Reality check


A lot of people are talking about the shift to a project-based organization, but what does it really take to get there? BY MICHEL THIRY, PMP, PMI FELLOW, CONTRIBUTING EDITOR

It seems like we're hearing more and more about project-based organizations. To get beyond the buzz and consistently deliver results, a project-based organization must first develop strong integration and effective communication channels. In my next few columns, I will examine different aspects of the project-based organization that help enhance the link between executives, portfolios, programs and projects.

Within the last 10 years, I have worked with several organizations as they have moved from a function-based or matrix model to a project-based one. Through that experience, I‘ve learned a few important lessons:

1. The shift is an organizational change. And it must be addressed from a holistic point of view, not in discrete and loosely coupled components.

2. Organizations must create synergy between all their operational and project components. They also must develop consistent means of prioritizing resources and investments across all these components.

3. Organizations must pay as much attention to cultural issues as structural ones. The focus must be on people first, then processes and finally tools; unfortunately, many organizations start with the tools and then try to fit people in.

The first step in structuring the project-based organization is to identify the roles and responsibilities of the management team and their business areas in regards to the overall strategic objectives of the enterprise. I call this the functions focus.

Once these roles have been clarified and agreed upon, there needs to be consensus on the relationships between these functions—who will lead, who will support, etc.

The next step is to clarify how these business units will work in teams. For example, typical teams in IT might include a strategic management team, an innovation management team, a project/program management team and a product management team. Each team is comprised of more than one unit and there are overlaps between the teams. The objective of this structure is to create team accountability.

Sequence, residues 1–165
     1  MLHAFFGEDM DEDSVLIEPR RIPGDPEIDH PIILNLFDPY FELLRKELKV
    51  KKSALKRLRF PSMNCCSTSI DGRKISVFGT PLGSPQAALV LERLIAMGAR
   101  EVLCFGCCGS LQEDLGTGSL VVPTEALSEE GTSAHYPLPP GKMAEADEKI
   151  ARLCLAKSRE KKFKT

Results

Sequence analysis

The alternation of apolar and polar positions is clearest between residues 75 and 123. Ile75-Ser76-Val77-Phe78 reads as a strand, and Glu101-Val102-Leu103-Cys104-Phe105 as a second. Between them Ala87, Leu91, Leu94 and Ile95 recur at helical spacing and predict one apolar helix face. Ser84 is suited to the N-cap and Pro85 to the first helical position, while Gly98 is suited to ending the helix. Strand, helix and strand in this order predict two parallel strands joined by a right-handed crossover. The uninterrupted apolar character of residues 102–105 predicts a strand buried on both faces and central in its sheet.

Finally, the last point concerns governance. This is not just about top-down control; it is also about leadership and policies and the way to ensure they're implemented. Governance should reflect the structure and be based on the concept of overlapping teams:

Corporate governance ensures the vision and the mission of the organization are implemented.

Change governance addresses all the change actions of the organization: programs, projects, innovations and their successful implementation.

Service governance is concerned with maintenance of the service level to customers, conformance and risk management.

Stakeholder governance deals with demand and service; this role is usually shared between the business development unit and service management.

Typically, in an integrated project-based organization, program management ensures the delivery of strategic decisions through projects; portfolio management ensures resources invested in projects are aligned with the corporate objectives and that achievability is taken into account; and, finally, the project management office structures the governance process.

Taking these steps will bring your organization from a functional or process-based organizational model to a project-based one. The journey will sometimes be difficult and require exceptional change-management skills during the turbulent transition period. And even so, the end of the transition only marks the beginning, as the newly created organization needs to be effective and dynamic, as well as highly competitive. But to sustain this state, it will also require organizations to continue to be flexible and adaptable to a very fluid market and environment. PM


Michel Thiry, PMP, PMI Fellow, is managing partner of Valense Ltd. He has more than 30 years of experience in project-based organizations.





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